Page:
The Rosewater Insurrection by Tade Thompson

Rosewater Insurrection by Tade Thompson - Cover
Cover Design by Charlotte Stroomer

Ah, Rosewater. It’s not you, its me. I really wanted to like this book, which picks up the story of a weird alien incursion in mid-21st century Nigeria and its broader impacts on human society and politics. Unfortunately, although I read the book from start to finish, I’ve come out feeling like this story just… missed me. Still, this is a review copy and therefore a review you shall all have, and I’ll try to be as objective as possible about why I think this didn’t work for me and why you, dear reader, might have a different experience entirely.

The Rosewater Insurrection picks up basically where its predecessor left off, with the reveal that the mysterious alien dome around which the town of Rosewater has developed is not a new visitor to earth, but one which has been building its roots for a while. Unlike the original novel, which jumped around the life of its protagonist Kaaro, Insurrection instead follows a rotating cast of characters on various sides of the escalating tensions between “Wormwood”, the alien presence in the dome, and the human world, and within Nigeria where the dome sits.

The breakneck switches between points of view – and timelines – in the Rosewater Insurrection make it a tricky book to keep track of at times, and particularly in the second half it feels like there’s a tension between the escalating action and exciting plot movement, and the slow reading pace required to not accidentally lose track of who actually holds the narrative at any given time. I think, to be honest, this is where my particular reading style really struggled – I tend to breeze through books at the best of times, especially when there’s a lot of action or mysterious happenings that I want to get through, but to get the most out of the Rosewater series I think takes a more deliberate reader who is investing in every twist and turn as it comes. As it was, there were several plot threads in Rosewater – such as the position of Alyssa, a woman who wakes with no memories (to the frustration of her husband and child) and is tracked down by the agents involved in securing Wormwood’s future – which were objectively pretty crucial but which never managed to invest me in their developments. To me, what’s interesting about Tade Thompson’s worlds are the more macro political forces (especially because THE ALIENS DIDN’T EMERGE IN AMERICA, what a relief), but with the focus being on relatively few mostly behind-the-scenes actors, this is definitely more spy-type action than intractable political wrangling.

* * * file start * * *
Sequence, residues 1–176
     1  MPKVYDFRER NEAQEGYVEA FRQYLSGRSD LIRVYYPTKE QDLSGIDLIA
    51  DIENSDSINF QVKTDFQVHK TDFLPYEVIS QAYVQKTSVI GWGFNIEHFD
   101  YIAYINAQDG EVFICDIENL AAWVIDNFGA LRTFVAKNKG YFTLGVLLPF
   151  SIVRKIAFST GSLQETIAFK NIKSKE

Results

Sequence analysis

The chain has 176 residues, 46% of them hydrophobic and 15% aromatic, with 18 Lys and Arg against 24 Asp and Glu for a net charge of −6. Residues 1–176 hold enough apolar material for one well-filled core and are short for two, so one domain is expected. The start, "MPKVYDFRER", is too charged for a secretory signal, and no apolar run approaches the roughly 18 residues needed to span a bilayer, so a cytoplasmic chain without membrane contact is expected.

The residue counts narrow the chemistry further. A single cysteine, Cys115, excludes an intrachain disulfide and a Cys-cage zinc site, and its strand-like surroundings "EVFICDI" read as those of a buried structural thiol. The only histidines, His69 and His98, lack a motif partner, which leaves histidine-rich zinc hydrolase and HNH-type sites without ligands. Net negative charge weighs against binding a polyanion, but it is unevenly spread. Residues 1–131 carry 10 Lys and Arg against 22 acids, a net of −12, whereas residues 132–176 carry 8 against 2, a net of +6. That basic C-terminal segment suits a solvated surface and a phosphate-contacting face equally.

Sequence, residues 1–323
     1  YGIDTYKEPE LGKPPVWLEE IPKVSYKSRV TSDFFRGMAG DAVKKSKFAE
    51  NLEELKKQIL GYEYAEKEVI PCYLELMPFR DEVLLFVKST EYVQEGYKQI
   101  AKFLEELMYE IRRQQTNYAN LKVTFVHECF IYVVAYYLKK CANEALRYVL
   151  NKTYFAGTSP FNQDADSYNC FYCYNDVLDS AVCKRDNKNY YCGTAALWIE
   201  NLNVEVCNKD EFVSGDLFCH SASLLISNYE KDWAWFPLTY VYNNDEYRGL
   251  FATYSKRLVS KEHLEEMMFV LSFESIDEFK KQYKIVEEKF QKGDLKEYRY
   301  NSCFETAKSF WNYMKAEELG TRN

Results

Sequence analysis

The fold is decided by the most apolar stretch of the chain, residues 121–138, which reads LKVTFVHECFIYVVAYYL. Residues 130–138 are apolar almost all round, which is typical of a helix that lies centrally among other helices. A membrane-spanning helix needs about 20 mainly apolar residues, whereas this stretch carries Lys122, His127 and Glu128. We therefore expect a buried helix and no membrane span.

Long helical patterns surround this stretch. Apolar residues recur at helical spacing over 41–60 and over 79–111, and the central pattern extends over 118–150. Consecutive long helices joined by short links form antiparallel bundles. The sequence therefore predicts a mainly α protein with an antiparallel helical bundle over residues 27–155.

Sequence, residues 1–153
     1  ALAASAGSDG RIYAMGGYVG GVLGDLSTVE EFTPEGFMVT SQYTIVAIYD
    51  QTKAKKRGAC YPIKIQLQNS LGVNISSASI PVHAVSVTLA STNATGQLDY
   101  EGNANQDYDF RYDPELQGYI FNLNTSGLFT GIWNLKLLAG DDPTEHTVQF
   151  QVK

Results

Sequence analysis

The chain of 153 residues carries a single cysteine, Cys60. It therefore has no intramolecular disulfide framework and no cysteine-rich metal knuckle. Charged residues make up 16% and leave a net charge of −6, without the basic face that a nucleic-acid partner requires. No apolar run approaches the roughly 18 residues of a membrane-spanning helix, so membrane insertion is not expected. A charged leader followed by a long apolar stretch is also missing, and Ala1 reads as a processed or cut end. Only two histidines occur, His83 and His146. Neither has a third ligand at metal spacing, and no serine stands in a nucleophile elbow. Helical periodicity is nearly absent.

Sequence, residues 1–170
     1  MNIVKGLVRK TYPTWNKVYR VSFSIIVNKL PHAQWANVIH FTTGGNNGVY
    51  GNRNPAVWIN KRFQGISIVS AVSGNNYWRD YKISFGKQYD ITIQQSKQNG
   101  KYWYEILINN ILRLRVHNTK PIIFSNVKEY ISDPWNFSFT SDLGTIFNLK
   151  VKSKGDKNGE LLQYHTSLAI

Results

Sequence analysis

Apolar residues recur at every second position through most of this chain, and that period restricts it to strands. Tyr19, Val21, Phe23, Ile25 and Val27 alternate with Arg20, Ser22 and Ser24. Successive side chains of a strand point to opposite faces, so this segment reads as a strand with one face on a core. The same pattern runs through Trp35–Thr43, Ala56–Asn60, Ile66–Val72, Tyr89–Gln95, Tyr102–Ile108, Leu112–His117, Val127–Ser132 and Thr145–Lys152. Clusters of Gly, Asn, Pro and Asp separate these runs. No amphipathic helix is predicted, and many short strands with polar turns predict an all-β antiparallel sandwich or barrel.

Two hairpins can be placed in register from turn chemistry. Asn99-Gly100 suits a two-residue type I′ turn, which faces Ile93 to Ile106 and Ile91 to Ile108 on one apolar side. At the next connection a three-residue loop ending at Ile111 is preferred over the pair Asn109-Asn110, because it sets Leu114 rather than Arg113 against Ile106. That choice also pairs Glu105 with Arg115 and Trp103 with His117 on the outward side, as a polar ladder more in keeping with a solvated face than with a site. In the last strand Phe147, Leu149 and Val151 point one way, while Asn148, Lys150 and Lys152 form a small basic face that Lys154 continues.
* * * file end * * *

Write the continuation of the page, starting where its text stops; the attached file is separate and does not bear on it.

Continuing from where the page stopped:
It’s not helped by the fact that the characters, like in Rosewater, weren’t much fun for me to be around. Alyssa’s plight, especially when it comes to dealing with a family who she feels she has no ties to and who don’t act in particularly helpful ways to her in the opening chapters, is sympathetic but Alyssa on her own never really engaged me, especially when she comes around more to her alien connections. There’s Aminat, Kaaro’s partner from the first book (and Kaaro also puts in an appearance later on), a writer coasting in the city on former successes who becomes (ultimately anti-climacticly) involved in the whole situation, and Anthony, a “Homian” (i.e. alien) consciousness who is charged with protecting the apparently dying Wormwood from threats. Perhaps my favourite character was Jack Jacques, the mayor of Rosewater who declares independence for his city-state, with predictable consequences, but even then I’m struggling to identify anything specific about him that I liked. I’m sure others will have different experiences with these characters – and my dislike for them is unsurprising given that I had similar frustrations with Kaaro in Rosewater – but it certainly made this one more difficult.

Despite the challenges I had with it, I have to admit that The Rosewater Insurrection ends in a super intriguing spot, setting up a new relationship between the alien and human forces and, with it, potential for a really interesting volume. If you’re a fan of weird science fiction aliens, meditations on humanity, consciousness and connection, and an Earth-based future that doesn’t take the USA as its jumping-off point, and don’t mind the potential lack of connection with protagonists or regular switches in time and point of view, Rosewater is definitely a series to look out for. In the meantime, I expect to continue enjoying Tade Thompson’s short work and the Molly Southbourne series, and I’ll be looking out for another opportunity to try out his novels in future, but this is probably my early jumping-off point for the Rosewater series.

Still here! Back soon!

I doubt anybody following me here follows me here exclusively (if you do, go follow my Twitter updates for my other review work immediately!) so hopefully my dozen of adoring fans are well aware of everything going on.